But I suppose if you had to force my arm then I might say ‘A Spooky Tale’, as it was a shared story write with my class after I had gone home ill after a neighbourhood walk.
“Why did you go home ill?” they asked.
“I don’t know you tell me,”
“Well maybe…”
The book was initially illustrated by one of my pupils and read every year to my new class.
I needed a shorter story to read to younger children and this was perfect.
Eventually I updated it and rewrote it.
Since its publication spooky connections have happened, I read the book to a couple of schools in Spain and learnt the Spanish words for each of the characters.
I also produced 4 slide shows to go with the book (links on my website book page)
The book also won a Silver Medal in the ‘Wishing shelf Book Awards’, in 2020.
Yes, there is a bus in the story, as all of my books have to have a bus in them somewhere.

4. What is the best and the hardest thing about writing?

I love having ownership of my writing and sharing stories. Hopefully one day my grandson will enjoy but he is only one and too young at the moment. I’ve had lots of lovely comments and reviews but although the children love the stories it is not them who buy the books.
The hardest part is the promotion and book sales.
I have undertaken author days and events (sadly on hold at the moment) and love sharing my ideas as well as pointing out that an author can be an ordinary person just like them.

5. What was your favourite book as a child?

I loved reading and hearing traditional tales and fairy stories. I loved knowing that the same story can be told many times and in different ways.
But my absolute favourite book has to be Winnie the Pooh.
We had a copy of Winnie the Pooh but I was thrilled many years later to find out there was a second story book! ‘The House at Pooh Corner’

6. Are you working on anything at the present? Can you share any of the details with us?

Yes loads.
I have a chapter book to write called ‘The Weather Witch’, this is a story I tell in schools as I visit and unlike my bus stories (that were initially too long), ‘The weather witch’ seems to be growing.
She will end up as a story plus mythical links as well as information on musical instruments – including ‘rain sticks’! but she is definitely taking her time.

I also have a few other bus related stories in the production process. (Nine or more in some sort of publication form – draft and planning.)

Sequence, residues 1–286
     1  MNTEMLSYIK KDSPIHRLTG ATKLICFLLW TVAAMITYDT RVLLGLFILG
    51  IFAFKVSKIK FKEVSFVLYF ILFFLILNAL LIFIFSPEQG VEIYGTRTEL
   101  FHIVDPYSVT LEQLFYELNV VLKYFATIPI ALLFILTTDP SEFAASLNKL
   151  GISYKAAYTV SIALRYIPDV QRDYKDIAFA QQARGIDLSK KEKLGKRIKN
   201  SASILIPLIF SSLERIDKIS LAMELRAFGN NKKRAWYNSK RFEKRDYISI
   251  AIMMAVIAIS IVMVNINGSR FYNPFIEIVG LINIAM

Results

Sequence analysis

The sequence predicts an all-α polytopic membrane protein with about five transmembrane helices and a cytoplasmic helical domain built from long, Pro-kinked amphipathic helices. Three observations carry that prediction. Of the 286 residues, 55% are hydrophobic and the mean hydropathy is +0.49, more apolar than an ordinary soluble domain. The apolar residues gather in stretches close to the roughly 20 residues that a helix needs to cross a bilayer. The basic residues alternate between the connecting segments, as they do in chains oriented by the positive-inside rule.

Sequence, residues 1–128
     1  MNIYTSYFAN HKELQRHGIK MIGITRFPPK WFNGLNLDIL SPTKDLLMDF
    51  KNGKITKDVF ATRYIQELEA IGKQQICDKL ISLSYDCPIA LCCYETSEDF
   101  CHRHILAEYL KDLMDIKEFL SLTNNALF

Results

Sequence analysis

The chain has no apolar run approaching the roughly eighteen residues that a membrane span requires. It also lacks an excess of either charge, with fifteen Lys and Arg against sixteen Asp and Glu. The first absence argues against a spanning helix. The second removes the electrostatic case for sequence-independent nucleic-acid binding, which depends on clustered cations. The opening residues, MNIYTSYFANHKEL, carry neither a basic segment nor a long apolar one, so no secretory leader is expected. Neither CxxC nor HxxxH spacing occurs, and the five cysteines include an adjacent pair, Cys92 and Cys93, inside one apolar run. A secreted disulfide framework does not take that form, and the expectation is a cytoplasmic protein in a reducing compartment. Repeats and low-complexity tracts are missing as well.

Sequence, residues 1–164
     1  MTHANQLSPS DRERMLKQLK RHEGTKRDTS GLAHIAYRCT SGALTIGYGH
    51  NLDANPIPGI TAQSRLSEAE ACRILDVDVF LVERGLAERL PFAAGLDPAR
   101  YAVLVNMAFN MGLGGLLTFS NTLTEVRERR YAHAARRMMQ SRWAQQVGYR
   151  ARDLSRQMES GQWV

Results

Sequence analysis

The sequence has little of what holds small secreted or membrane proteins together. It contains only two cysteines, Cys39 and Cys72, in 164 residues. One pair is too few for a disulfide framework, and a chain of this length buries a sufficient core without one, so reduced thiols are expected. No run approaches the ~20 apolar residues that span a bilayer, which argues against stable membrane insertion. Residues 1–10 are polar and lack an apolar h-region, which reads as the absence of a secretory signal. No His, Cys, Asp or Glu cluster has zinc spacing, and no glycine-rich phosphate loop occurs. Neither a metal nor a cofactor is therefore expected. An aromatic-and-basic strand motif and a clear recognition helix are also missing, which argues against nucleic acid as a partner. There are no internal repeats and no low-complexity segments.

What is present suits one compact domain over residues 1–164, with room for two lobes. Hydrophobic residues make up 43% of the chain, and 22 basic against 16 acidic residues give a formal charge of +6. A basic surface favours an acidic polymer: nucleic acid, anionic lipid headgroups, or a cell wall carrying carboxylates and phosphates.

I’d also like to work on and create an activity book to go with the bus stories – one for pre-school and one for school aged children.
As well as an information book to compliment the bus stories too.

7. What do you like to do when you are not writing?

When I’m not writing I am playing with my Lego!
(I buy old Lego, sort it through and remake the sets which I then sell on. It has helped pay for my books; enabled me to not have to go back to full-time teaching and has kept me busy in lockdown.)

I also crochet a lot.
And now, with my grandson, I enjoy playtime again.

Sue Wickstead is a teacher and an author and writes children’s picture books with a bus theme. She has also written a photographic history book about the real bus, which is where her story writing began.

Sue once worked with a playbus charity based in Crawley. This led her to write the photographic history book about the project. The ‘Bewbush Playbus’ book was published in 2012.
Sue then began to write a fictional tale about the bus. ‘Jay-Jay the Supersonic Bus’, his number plate JJK261 gave him his name and has now been followed by more picture books (ten to date) which all indeed have a bus connection as well as links to her teaching journey.

Gloria is the most recent bus book and is based on the summer play-schemes which operated during the school holidays providing a safe place to play and to meet other children. (published 2020)
‘Barty Barton; the bear that was loved too much’ was also published in 2020. Barty was written for both her son and grandson.

Some of Sue’s books have been entered and shortlisted in ‘The Wishing Shelf Book Awards’, her book ‘A Spooky Tale’ was a silver medal winner in 2019. It is a story written with her class in school and is aimed at the younger reader.